After several years of fundraising and searching for a used apple press, we’re happy to have this beauty to help us and our neighbors turn extra apples into amazing fresh juice!
What is nice about this press is that the grinder portion is automated. Thus, the only people-powered portion of the press is the crank to press the apple pulp. We’ve already been told that we could use a larger press for our operation capacity, so any fairy god parent who would like to help make that happen, please get in touch!
Please note, we will not be selling apple juice at this time due to lack of capacity to undertake the appropriate certifications.
Sharing our Resources!
We’re learning a lot about the process and are grateful for our mentors from Slow Food Russian River for sharing their best practices and lessons learned. Once the season slows down a bit, we will update our website to make it easier for people to sign up for apple press shifts. In the mean time, the press is available for use on Thursdays from 3 to 6pm or by appointment. The press is available for use either if you purchase apples from us OR you can bring your own apples to press. We will ask for a donation to cover the cost of the press and maintenance. If you plan to use our apple press, please click on this link and bring a signed copy of the unavoidable liability release.
For those interested in the process, see below!
Making Juice at the Bounty
For apples destined for juice, we choose imperfect looking apples that are in prime condition. Since our orchard is beyond organic, a certain portion of the fruit will have damage from coddling moths and other pests. These fruits are nutritious and safe, they just need to be sliced before being consumed. It’s important to note that we do not use grounder apples or those with animal damage as our cleaning process may not kill all harmful microbiology that could have been introduced.
In our orchard, we have 28 varieties of apples that come mature throughout the summer and fall. That means we have a wide array of varieties and flavors to choose from! For more information on the Bounty Community Farm orchard, click here. At this point, we’re still getting to know which varieties complement each other for the best juice flavors.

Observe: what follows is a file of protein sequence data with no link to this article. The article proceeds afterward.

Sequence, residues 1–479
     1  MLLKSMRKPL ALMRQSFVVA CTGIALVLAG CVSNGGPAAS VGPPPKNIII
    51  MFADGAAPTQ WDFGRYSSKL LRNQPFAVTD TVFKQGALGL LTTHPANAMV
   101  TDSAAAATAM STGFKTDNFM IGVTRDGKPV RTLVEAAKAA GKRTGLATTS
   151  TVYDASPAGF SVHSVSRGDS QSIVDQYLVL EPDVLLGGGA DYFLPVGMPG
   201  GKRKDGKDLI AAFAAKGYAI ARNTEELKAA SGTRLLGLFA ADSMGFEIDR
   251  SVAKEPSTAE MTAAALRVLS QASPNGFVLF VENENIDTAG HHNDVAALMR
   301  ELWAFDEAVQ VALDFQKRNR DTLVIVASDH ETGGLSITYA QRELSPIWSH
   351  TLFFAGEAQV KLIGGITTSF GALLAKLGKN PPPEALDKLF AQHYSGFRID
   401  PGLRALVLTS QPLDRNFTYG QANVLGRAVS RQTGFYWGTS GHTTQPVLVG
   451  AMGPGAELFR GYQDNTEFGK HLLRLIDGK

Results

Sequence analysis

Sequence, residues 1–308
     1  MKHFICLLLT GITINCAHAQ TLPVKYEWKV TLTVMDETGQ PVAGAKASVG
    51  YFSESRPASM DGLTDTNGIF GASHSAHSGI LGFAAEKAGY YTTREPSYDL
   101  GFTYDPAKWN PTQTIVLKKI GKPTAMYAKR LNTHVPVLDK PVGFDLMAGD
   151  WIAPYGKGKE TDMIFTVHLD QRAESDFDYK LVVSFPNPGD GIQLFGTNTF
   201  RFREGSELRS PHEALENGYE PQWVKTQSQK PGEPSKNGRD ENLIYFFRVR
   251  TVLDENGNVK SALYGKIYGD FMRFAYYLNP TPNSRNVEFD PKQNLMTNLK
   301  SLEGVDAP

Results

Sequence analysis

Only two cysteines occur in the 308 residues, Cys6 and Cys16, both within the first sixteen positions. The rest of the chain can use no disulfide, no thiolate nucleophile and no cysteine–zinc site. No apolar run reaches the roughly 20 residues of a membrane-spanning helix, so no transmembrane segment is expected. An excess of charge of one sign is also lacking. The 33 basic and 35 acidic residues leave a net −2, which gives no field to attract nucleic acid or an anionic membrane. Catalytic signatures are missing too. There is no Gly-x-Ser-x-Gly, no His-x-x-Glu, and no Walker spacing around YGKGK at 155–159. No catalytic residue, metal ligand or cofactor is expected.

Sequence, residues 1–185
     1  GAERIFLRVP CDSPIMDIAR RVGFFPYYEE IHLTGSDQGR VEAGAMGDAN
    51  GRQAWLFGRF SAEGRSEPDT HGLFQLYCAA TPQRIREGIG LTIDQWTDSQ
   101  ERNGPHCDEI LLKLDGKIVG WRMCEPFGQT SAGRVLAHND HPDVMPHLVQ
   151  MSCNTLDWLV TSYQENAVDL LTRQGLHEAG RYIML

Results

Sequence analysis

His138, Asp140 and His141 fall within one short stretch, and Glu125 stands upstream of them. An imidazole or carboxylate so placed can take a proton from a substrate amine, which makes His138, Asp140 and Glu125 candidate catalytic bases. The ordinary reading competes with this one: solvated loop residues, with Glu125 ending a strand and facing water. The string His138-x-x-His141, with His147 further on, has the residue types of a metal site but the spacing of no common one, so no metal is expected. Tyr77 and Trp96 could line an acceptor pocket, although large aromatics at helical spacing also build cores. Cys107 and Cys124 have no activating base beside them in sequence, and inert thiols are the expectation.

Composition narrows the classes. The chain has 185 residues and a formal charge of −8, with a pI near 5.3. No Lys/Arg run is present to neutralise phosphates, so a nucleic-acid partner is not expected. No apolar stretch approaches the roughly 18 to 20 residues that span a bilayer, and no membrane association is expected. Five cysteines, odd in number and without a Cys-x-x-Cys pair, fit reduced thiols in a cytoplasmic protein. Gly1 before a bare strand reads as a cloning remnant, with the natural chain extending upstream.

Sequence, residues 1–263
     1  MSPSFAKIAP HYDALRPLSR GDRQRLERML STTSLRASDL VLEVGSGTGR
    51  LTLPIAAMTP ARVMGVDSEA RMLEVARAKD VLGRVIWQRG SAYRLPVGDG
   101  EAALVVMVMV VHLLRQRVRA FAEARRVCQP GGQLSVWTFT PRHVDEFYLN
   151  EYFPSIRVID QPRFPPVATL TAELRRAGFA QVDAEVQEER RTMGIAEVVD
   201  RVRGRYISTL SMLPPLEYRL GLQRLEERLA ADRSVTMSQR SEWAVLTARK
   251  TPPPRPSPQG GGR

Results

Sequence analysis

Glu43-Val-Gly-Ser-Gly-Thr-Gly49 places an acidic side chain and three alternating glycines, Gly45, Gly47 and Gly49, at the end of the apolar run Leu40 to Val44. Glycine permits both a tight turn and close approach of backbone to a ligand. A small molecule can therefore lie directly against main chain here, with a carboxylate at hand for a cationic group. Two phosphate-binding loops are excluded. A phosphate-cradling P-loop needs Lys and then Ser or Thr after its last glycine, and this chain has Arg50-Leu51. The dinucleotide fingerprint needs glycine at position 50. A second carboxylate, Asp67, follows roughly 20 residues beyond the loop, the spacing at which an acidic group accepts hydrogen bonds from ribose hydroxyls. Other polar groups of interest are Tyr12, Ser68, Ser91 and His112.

We start by rinsing and cleaning all apples and equipment. At our farm, we fill up a tub with water and add a few cap fulls of bleach. Cooperative Extension has extensive information on food safety and cleaning and we recommend you read the resources below.
Second, we remove any rotten or damaged apples and start cutting the rest in half. Sometimes, an apple looks beautiful from the outside and has significant damage in the core.
Then, we go over safety instructions with all people present-which parts move and why! We pour the cut apples into the hopper and they pass through the mechanical grinder. The grinded apple bits fall out the bottom of the grinder into a slatted bucket. Once the bucket is full, it is transferred to the press.
The press takes some muscle to turn as it smushes the apple chunks. The juice flows out of the mesh lining and through the tray into the final bucket on the ground. Ideally, people bring their own containers to fill and take their juice home to pasteurize, refrigerate, and enjoy!
Fresh apple juice provides a bouquet of flavors, especially when using a variety of apple varieties! The sugar content is so high that even people with major sweet tooths can’t drink much before getting a sugar rush or upset stomach. Everything in moderation, including apple juice!
Resources for additional reading:
“Food Safety Facts: Safe Home Made Cider.” University of Maine Cooperative Extension, 2011.
“Preserving Fruit Juice and Apple Cider” Oregon State University Cooperative Extension, 2013.